How to book: Make a reservation online.

Available for Reservations
One Steakhouse
Photo by Peter Harasty, courtesy of One Steakhouse

One Steakhouse

Virgin Hotels

One Steakhouse used to be known as MB Steak (when Virgin Hotels was the Hard Rock), but was given a welcome makeover with all-new decor and an elaborate crystal light fixture in the bar that slowly changes color throughout the evening. In a wise move, One Steakhouse retained the services of executive chef Patrick Munster, who knows how to balance familiar favorites with inventive modifications. Why have one surf and turf on the menu when you can have three? All are presented at the table on a charcoal grill. Similar interactive touches are seen in the lobster bisque (with a creamy broth poured over chilled, fresh lobster seconds before you taste it) and the photogenic Baked Alaska dessert. No spoilers, just have your camera ready. Steak purists can't go wrong with a serving of Japanese Wagyu or a bone-in Tomahawk, sliced for two with a perfect char to balance out the rich, marbleized beef. For a change of pace, try the ricotta gnocchi with brandy peppercorn sauce as your side dish. An upstairs lounge for overflow seating has windows that open wide toward the Strip.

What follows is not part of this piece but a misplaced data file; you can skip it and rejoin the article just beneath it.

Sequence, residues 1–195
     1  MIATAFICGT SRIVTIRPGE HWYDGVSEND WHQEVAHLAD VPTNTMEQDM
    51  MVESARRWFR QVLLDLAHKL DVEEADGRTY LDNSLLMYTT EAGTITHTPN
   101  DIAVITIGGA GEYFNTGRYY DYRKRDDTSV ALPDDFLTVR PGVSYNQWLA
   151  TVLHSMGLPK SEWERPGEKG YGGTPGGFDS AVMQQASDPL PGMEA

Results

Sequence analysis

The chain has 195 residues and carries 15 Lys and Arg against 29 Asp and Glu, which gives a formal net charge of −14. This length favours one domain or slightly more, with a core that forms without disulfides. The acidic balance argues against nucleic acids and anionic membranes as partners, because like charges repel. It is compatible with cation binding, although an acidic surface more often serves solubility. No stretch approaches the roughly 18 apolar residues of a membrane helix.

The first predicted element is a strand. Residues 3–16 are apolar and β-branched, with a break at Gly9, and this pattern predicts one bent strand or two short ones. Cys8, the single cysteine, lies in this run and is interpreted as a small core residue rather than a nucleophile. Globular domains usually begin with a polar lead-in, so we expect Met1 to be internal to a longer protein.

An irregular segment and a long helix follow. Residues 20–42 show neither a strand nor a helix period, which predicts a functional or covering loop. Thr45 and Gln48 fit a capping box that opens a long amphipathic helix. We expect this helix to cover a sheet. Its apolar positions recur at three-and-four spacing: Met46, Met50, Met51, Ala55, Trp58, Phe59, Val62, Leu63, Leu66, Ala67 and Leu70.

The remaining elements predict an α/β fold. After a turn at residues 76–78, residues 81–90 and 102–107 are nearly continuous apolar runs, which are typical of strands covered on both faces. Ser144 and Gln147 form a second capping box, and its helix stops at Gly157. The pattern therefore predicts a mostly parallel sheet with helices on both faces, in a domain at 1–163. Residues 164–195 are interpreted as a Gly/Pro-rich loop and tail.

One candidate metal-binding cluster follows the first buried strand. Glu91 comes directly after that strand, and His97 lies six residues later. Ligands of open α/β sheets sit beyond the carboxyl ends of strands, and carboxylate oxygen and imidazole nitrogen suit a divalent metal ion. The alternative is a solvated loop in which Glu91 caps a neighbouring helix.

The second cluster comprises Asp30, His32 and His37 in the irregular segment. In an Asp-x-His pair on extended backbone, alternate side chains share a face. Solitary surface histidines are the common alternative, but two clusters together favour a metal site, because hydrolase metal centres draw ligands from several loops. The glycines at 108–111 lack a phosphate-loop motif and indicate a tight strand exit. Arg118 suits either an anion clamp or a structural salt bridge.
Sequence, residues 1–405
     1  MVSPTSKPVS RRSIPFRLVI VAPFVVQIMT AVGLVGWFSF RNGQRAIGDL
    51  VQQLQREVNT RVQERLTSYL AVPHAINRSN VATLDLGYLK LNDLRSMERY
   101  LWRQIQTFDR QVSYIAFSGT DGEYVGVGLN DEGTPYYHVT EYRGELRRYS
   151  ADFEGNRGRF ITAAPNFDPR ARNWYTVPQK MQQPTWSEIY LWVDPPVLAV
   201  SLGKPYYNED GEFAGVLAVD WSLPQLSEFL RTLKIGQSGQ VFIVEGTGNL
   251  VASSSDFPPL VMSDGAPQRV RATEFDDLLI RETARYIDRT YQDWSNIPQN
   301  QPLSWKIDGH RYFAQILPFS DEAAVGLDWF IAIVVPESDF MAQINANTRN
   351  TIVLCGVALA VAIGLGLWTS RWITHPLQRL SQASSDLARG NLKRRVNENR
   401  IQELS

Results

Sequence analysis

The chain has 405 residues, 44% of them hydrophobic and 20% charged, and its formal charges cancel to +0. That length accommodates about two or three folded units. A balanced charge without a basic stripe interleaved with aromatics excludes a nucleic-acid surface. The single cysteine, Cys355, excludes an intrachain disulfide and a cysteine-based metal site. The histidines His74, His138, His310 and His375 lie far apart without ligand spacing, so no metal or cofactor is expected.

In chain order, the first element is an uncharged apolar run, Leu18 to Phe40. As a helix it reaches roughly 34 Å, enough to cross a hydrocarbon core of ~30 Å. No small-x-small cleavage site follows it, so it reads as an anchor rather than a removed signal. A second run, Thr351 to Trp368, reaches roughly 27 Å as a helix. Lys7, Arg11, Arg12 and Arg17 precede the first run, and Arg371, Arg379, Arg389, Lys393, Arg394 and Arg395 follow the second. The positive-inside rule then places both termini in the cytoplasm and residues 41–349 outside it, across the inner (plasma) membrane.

How to book: Make a reservation online.

Available for Reservations

José Andrés' Bazaar Meat thrives on ingenuity and an eccentric attitude. The chef's Spanish heritage is felt throughout the meal, from chicken croquettes and gazpacho to fire-roasted suckling pig and melt-in-your-mouth Jamon Iberico de Bellota (marbleized acorn-fed ham). But you're really here for the steaks and the restaurant takes things up a level with a variety of Japanese wagyu cuts and flavorful ribeyes from mature 8-year-old cows. Along the way, you'll enjoy weird stuff like foie gras cotton candy and a tomato tartare that nearly tastes like beef. For the full Bazaar Meat experience, come hungry and order one of two indulgent, multi-course tasting menus.
How to book: Make a reservation via Seven Rooms.

CUT

Venetian

Wolfgang Puck's steakhouse just keeps getting better over time. In recent years, the restaurant has dramatically renovated its dining room, mixing a stylish art deco design with soft lighting that proves it's possible to feel cozy and romantic without being dark and dim. Request a half-circle booth to maximize the comfort level and take your server up on the offer to tour the steak display, where prime Midwest cuts sit alongside luxe choices from Japan, including olive-fed snow beef. Yet the restaurant also gives extra attention to its seafood, especially its raw bar and a full two-pound Maine lobster that's pan-seared, oven-finished, and de-shelled tableside. Anything pairs well with neat pours of Whistle Pig 18 from the whiskey cart.